People exposed to war and destruction place less value on housing and homeownership - even decades later
The consequences of housing attitudes go beyond homeownership rates. They also affect household wealth.
Devastating housing experiences, such as exposure to wartime destruction, lead to a reduced likelihood of homeownership even decades later, finds new research from Frankfurt School of Finance & Management.
Jonas Happel, Prof. Yigitcan Karabulut, and Prof. Larissa Schäfer, from Frankfurt School, and Prof. Selale Tüzel from USC Marshall School of Business, used the residential destruction of Germany during World War II (WWII) to study the impact of negative housing experiences on household attitudes and preferences toward housing and homeownership.
Individuals were divided into cohorts based on whether they were directly exposed to WWII (i.e., born before 1940) or born after 1951 and only experienced the consequences of the war.
By examining household-level data from 1985 to 2017, the researchers studied the degree of variation in destruction across cities and its long-term impact on households' homeownership decisions. The researchers found that those exposed to war in highly destructive areas were significantly less likely to be homeowners decades later.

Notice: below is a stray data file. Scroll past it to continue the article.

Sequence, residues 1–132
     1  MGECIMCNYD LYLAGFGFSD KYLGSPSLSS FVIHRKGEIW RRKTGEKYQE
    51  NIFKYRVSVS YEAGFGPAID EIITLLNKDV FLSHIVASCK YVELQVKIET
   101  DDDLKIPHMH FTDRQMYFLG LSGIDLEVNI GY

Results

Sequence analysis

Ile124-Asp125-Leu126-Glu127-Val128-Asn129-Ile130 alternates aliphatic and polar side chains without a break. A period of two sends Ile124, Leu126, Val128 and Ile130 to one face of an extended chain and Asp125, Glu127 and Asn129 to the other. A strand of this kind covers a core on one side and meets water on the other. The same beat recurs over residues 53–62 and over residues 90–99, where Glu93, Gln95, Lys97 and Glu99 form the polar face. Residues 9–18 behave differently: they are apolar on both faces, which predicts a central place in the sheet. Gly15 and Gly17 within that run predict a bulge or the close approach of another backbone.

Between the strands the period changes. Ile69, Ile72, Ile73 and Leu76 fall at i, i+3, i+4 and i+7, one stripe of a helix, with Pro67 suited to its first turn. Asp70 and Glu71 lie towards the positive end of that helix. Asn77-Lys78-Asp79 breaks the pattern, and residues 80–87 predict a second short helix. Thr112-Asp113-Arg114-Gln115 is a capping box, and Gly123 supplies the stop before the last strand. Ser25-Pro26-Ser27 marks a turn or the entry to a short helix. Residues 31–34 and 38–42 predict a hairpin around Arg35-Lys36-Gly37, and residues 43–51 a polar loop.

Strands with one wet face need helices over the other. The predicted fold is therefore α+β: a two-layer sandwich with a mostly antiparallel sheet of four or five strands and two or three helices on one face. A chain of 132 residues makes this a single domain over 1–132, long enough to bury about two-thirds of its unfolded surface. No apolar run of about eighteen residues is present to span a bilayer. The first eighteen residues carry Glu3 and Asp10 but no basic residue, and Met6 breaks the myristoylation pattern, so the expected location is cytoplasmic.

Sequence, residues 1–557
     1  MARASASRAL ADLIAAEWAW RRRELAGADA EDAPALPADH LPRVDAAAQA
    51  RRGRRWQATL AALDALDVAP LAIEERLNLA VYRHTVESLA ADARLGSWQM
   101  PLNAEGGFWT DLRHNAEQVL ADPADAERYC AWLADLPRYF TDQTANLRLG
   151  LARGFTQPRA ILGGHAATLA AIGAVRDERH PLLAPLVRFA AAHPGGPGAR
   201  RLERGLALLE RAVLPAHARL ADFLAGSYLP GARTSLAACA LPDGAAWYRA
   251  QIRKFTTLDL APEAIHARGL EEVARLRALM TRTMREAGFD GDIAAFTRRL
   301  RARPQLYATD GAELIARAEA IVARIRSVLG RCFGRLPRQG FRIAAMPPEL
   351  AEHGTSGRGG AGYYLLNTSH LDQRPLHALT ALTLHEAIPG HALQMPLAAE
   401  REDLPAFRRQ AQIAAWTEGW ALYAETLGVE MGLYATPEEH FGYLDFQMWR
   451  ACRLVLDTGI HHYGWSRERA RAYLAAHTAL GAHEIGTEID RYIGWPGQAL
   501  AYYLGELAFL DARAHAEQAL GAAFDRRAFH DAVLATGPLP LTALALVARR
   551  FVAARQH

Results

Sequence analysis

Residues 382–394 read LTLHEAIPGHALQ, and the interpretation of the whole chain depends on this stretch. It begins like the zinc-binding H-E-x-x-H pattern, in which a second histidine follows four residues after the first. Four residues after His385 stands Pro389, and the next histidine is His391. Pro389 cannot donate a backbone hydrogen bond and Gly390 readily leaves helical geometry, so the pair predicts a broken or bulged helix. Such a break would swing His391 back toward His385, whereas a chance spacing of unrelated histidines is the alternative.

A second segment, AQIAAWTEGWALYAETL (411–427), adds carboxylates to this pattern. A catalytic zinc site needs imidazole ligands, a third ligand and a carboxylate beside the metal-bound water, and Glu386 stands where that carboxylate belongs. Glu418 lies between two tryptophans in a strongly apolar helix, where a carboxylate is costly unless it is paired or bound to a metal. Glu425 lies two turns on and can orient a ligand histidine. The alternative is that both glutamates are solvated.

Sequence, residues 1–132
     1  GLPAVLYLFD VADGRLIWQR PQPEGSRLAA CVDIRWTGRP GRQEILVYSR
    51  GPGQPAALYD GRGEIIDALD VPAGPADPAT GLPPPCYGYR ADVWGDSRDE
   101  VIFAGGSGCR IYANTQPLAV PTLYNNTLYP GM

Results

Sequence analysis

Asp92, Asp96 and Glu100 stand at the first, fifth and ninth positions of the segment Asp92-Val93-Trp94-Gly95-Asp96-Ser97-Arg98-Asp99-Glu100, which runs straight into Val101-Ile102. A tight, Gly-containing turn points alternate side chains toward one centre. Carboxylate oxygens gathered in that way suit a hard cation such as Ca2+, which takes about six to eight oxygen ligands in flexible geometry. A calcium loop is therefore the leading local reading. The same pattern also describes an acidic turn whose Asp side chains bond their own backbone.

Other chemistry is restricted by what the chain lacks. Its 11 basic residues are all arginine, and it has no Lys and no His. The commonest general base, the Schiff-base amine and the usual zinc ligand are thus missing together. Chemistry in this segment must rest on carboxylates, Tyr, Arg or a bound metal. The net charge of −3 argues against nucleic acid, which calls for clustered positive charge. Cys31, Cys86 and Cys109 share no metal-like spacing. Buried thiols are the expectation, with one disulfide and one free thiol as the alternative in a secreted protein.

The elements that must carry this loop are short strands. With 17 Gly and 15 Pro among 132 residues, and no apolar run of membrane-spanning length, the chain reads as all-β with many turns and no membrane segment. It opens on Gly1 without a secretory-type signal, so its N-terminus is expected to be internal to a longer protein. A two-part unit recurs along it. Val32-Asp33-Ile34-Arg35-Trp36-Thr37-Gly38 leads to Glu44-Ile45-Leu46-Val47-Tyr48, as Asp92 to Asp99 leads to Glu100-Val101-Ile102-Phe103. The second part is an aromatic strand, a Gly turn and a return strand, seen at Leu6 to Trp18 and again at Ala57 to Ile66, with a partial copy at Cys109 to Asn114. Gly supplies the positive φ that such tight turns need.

They find that this variation in housing market participation is driven by people's negative attitudes toward housing and homeownership. The researchers show that war-exposed households tend to occupy smaller homes and value non-housing consumption goods and services, such as travel, more than homeownership.
"The consequences of housing attitudes go beyond homeownership rates. They also affect household wealth. We find that, on average, the financial wealth of destruction-exposed households is similar to that of other households, but these households have lower total wealth due to lower homeownership rates," explains Prof. Karabulut.
This research contributes to literature investigating the long-term effects of warfare on economic outcomes and the role of past experiences in household economic and financial behaviour.
The working paper was first published in the CEPR Discussion Paper Series (DP17420) and is currently being revised for a resubmission for the Journal of Financial Economics.
For more information, a copy of the research, or to speak with the researchers for more information, please contact Kyle Grizzell from BlueSky Education on +44 (0) 1582 790709 or email@example.com
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